Now you can see why I’m uncomfortable with all the talk about being a disciple of Jesus and discipling others. I hardly ever deny myself or take up the cross of death or actually follow the ways of Jesus. I talk a lot about it but never do it. I can’t even deny myself caffeine or sugar or a smart-mouth remark for Jesus’ sake let alone my life. How pitiful is that?!?

When I see what it cost these real disciples and apostles of Jesus, I’m conflicted regarding my own comfortable lifestyle. And I despise the fact that I want to live even more comfortably. Though there’s nothing I can do about the plentiful time in history in which I live, there is something I can do about its influence on my life.

I’ve already had caffeine and sugar this morning. I guess today I’ll just start by keeping my mouth shut when I want to say something stupid.

How will you live today in denying yourself, dying, and following Jesus? Share your thoughts below.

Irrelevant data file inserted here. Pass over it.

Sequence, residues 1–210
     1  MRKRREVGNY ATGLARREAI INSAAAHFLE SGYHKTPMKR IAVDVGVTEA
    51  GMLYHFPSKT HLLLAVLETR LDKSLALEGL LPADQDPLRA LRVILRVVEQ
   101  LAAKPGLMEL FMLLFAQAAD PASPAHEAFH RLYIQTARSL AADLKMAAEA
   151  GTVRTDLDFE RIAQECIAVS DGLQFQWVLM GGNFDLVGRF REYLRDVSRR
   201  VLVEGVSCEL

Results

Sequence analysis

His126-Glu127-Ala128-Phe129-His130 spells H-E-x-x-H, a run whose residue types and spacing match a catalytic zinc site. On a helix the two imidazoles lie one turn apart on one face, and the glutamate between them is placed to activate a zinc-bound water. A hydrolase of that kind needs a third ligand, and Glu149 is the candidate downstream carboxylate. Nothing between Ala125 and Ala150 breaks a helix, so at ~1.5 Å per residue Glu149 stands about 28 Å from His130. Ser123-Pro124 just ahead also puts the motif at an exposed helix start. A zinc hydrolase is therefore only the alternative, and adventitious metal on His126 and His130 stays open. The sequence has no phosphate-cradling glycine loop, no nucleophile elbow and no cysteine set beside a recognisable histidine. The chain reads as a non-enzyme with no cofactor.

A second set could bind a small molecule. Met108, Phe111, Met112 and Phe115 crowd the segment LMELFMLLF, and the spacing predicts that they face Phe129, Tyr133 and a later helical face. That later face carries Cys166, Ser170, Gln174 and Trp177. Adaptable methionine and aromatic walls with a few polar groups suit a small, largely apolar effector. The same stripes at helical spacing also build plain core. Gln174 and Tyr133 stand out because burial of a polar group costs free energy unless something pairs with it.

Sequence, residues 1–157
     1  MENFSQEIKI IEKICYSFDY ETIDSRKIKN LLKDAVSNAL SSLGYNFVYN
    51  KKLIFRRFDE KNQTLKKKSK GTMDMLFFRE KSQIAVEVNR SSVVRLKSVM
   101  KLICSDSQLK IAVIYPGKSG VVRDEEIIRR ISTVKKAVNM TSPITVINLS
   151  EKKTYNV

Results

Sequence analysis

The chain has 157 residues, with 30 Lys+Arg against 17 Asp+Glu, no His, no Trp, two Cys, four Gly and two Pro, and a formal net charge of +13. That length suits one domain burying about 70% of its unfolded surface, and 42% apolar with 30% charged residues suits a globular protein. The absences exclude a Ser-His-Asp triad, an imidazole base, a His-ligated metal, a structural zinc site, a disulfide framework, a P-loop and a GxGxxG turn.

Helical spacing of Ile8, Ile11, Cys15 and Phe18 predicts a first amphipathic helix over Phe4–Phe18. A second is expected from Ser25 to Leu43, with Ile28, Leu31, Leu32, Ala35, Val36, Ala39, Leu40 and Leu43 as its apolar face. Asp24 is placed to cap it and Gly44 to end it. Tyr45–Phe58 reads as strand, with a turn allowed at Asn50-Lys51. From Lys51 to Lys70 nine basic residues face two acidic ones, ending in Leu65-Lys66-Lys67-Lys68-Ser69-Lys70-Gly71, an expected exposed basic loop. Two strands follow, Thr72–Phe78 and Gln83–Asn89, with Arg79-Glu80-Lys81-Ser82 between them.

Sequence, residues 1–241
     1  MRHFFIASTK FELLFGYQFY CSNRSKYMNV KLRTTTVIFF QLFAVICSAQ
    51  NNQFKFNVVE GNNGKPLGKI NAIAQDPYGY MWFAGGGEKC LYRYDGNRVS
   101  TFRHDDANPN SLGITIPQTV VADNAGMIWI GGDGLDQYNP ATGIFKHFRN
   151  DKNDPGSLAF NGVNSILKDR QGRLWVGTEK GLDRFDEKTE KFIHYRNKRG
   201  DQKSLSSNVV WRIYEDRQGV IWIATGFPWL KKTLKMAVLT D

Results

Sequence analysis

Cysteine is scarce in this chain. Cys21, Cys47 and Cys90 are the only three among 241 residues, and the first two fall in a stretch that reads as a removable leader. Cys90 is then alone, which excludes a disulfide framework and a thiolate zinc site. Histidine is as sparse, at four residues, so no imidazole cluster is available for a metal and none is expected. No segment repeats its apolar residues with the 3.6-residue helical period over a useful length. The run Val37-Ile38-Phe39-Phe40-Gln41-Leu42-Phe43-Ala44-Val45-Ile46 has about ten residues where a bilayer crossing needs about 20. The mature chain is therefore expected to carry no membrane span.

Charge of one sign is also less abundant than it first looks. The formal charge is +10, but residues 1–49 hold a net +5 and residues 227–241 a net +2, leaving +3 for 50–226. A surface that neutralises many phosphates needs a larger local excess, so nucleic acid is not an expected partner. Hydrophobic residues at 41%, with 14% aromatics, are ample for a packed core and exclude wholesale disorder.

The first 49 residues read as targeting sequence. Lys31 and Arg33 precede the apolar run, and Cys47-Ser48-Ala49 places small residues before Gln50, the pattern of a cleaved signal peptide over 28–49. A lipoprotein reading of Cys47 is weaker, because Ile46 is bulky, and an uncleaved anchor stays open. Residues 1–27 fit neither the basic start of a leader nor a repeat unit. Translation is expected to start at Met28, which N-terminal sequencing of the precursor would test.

Dr. K

Faithful Perseverance On The Journey: It Takes a Team

Living a Life Unworthy Of The World

I’ve got to be honest – I don’t understand faith. I’m confused by faith’s various aspects. For example, if I ask in faith I’ll receive what I ask for. The notion that people who meet certain conditions can ask and God will give them what they desire, seems to have support in scripture (Matthew 7.7-11; John 15.7-8). Whole ministries and movements have been built on the premise that if you say the right word in the right way, God will do what you ask. Yet, thousands of the faithful would disagree. Faith is not getting what we want but persevering no matter what.

There are many people highlighted in Hebrews 11, often called “the faith chapter,” who experienced incredible acts of God – kingdoms conquered, promises obtained, fires quenched, murders avoided, feebleness empowered, armies defeated, and dead resurrected.